Understanding American Religious Freedom—beyond James Madison

In Sacred Liberty, Steven Waldman provides a history of religious liberty in America from colonial times to the present. In doing so, he provides a more nuanced picture than that normally on offer. Mark David Hall writes in his review:

Jurists and scholars often act as if James Madison and Thomas Jefferson are the only Founders who matter when it comes to religious liberty and church-state relations. Refreshingly, Waldman cautions that Madison “did not alone invent the general concept of religious freedom,” and he notes that even the major Founders differed regarding the extent to which governments should encourage religious practices.

Waldman identifies Madison as a separationist; but this misunderstands the extent to which he was committed to strictly separating church and state. For instance, Waldman writes that Madison “opposed the appointments of congressional and military chaplains, on the grounds that using tax dollars to pay ministers was creating a religious establishment,” and that he “objected when Presidents Washington and Adams issued prayer proclamations.”

As a member of the confederation and federal congresses, Madison voted to pay chaplains, and as the nation’s fourth president, he issued four calls for prayer. After he left the presidency, he questioned the constitutionality of these practices, but he did so in a private document that was not published in his lifetime. Even if these were views he had held earlier, he did not act on them, and there is little evidence that other Founders (except Jefferson) shared them.

For Waldman, as for his reviewer Hall, freedom of religion was something that continued to evolve, often if not always in a beneficial direction, in the years since the Bill of Rights was ratified:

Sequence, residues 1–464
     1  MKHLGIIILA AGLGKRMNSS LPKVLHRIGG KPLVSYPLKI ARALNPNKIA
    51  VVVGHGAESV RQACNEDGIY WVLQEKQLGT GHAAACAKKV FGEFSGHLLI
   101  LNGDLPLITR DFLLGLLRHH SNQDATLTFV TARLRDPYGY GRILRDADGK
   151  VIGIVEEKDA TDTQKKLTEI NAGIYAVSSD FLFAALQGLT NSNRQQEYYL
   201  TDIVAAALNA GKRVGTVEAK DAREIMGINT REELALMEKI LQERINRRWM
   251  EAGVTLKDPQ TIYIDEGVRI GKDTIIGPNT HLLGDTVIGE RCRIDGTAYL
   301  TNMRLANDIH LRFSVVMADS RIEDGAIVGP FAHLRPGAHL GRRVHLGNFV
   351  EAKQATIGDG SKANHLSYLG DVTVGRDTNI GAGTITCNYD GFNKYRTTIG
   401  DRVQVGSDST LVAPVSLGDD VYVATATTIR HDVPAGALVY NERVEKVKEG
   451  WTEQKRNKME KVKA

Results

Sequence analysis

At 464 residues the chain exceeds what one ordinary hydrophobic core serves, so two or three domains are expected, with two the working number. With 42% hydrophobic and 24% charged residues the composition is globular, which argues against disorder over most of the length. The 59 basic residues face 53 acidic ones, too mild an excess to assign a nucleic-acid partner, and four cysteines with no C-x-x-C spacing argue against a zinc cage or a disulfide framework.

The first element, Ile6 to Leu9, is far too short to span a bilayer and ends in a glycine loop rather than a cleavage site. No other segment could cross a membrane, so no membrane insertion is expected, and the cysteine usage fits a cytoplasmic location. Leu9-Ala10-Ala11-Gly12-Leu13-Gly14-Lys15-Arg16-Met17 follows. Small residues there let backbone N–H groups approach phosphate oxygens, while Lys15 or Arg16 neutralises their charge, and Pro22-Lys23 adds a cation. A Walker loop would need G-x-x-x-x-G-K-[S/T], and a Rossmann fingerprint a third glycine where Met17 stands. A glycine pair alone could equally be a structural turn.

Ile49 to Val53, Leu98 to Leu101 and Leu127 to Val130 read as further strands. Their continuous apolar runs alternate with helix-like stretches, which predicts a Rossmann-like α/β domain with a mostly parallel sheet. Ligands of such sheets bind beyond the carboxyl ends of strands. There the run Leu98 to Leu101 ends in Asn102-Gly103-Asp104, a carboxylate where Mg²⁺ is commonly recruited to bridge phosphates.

An overlooked landmark in the rise of religious liberty in America is the National Conference of Christians and Jews, founded in 1927. In 1933, three of the group’s leaders, a Protestant minister, Catholic priest, and Jewish rabbi, embarked on a 38-city tour to promote interfaith understanding. Their journey was covered by Time magazine, and their endeavor inspired a host of similar tours by other trios throughout the 1930s.

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Read more at Law and Liberty

More about: American founders, James Madison, Jewish-Christian relations, Religious Freedom

 

Terror Returns to Israel

Nov. 28 2022

On Wednesday, a double bombing in Jerusalem left two dead, and many others injured—an attack the likes of which has not been seen since 2016. In a Jenin hospital, meanwhile, armed Palestinians removed an Israeli who had been injured in a car accident, reportedly murdering him in the process, and held his body hostage for two days. All this comes as a year that has seen numerous stabbings, shootings, and other terrorist attacks is drawing to a close. Yaakov Lappin comments:

Unlike the individual or small groups of terrorists who, acting on radical ideology and incitement to violence, picked up a gun, a knife, or embarked on a car-ramming attack, this time a better organized terrorist cell detonated two bombs—apparently by remote control—at bus stops in the capital. Police and the Shin Bet have exhausted their immediate physical searches, and the hunt for the perpetrators will now move to the intelligence front.

It is too soon to know who, or which organization, conducted the attack, but it is possible to note that in recent years, the Popular Front for the Liberation of Palestine (PFLP) has taken a lead in remote-control-bombing terrorism. Last week, a car bomb that likely contained explosives detonated by remote control was discovered by the Israel Defense Forces in Samaria, after it caught fire prematurely. In August 2019, a PFLP cell detonated a remote-control bomb in Dolev, seventeen miles northwest of Jerusalem, killing a seventeen-year-old Israeli girl and seriously wounding her father and brother. Members of that terror cell were later arrested.

With the Palestinian Authority (PA) losing its grip in parts of Samaria to armed terror gangs, and the image of the PA at an all-time low among Palestinians, in no small part due to corruption, nepotism, and its violation of human rights . . . the current situation does not look promising.

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More about: Israeli Security, Jerusalem, Palestinian terror